Determine if each of the following are O(x^2)
  1. 17x+11
  2. x^2+1000
  3. x * log(x)
  4. x^4 /2
  5. 2^x
  6. floor(x) * ceiling(x)
  1. yes, 17x + 11 is O(x^2). We can easily use our theorem that says that if f and g are both O(h), then so is f+g. For x > 17, x^2 is bigger than 17x, hence 17x is O(x^2). 11 is clearly O(x^2). Therefore 17x + 11 is O(x^2).
  2. Similar to the previous part, both x^2 and 1000 are O(x^2), hence so is the sum.
  3. x*log(x) is O(x^2). This can be seen as follows: x is O(x) and log(x) is also O(x). Therefore we take products: x*log(x) is O(x*x) which is O(x^2). Note we cannot say that x*log(x) is O(x) like in parts 1 and 2, because that only worked for sums not products. That is, if f is O(h) and g is O(h), we can only say that f*g is O(h*h), we cannot say that f*g is O(h).
  4. No x^4 /2 is not O(x^2). Proof, can there be a C such that for large enough x, x^4 /2 < C*x^2? Can assume that x is bigger than 0, so we can divide both sides by x^2. We would then need that x^2 /2 < C for all sufficiently big x. Of course this is not true if x is bigger than 2*C.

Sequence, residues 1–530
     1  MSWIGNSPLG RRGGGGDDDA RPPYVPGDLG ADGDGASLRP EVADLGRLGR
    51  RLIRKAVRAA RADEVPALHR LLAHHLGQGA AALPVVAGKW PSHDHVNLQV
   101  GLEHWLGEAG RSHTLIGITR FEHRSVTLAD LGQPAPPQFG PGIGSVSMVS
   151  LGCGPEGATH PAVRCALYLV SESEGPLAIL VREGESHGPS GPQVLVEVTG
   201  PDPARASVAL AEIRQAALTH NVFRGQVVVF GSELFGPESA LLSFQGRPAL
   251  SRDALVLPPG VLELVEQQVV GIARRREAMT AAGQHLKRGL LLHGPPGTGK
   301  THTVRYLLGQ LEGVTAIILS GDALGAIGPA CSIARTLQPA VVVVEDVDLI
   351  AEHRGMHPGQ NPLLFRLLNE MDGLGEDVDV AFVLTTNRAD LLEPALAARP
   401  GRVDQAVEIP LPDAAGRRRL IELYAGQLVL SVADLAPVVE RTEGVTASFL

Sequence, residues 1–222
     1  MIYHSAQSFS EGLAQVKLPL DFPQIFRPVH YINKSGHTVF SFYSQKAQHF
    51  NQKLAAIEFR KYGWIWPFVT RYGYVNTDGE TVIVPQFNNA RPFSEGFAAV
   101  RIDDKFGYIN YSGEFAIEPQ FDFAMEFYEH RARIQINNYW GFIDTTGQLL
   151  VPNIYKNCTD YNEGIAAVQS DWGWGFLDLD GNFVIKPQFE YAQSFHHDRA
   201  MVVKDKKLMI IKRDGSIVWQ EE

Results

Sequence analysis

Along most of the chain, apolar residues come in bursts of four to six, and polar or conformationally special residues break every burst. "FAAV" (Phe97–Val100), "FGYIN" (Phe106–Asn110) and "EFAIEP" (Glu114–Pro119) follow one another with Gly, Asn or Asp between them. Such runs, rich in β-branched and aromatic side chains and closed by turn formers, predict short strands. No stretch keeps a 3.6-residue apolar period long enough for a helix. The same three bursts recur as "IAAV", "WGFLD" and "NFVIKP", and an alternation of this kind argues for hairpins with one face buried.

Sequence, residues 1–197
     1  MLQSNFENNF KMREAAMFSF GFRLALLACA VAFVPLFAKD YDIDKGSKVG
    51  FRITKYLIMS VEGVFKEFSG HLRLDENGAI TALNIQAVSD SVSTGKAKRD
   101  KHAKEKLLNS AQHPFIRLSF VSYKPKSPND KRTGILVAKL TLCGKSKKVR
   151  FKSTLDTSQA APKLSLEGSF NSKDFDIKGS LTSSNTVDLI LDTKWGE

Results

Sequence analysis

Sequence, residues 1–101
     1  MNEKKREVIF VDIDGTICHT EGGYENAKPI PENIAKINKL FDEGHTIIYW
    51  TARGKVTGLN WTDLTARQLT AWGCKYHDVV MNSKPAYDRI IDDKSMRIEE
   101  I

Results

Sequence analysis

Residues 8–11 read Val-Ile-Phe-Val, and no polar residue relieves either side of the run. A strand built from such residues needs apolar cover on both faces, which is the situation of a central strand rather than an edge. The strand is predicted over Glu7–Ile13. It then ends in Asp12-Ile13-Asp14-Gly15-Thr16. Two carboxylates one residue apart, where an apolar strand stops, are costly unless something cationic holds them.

5. Again, no 2^x is not O(x^2). This is one of those "take it for granted" pairs. Or if you like we could take logs. E.g. if we had C such that 2^x < C* x^2 for all big enough x. But if we take logs we get log(2^x) < log( C*x^2 ) . Then simplify log(2^x) = x * log(2) = x (since we use log base 2). Also log( C * x^2) = log(C) + 2*log(x). We are left with
    log(2^x) = x < log(C) + 2 * log(x) or
    x < log(C) + 2*log(x)< 3*log(x) as long as x is bigger than C (to absorb the log(C)). But since we know that x is not O(log(x)), we know this can't be true.
  6. floor(x) * ceiling(x) is approximately equal to x^2 so it must surely be O(x^2). Since floor(x) is O(x) and we have our theorem about products of functions, it suffices to show that ceiling(x) is O(x). Since ceiling(x) < x+1, this is rather clear.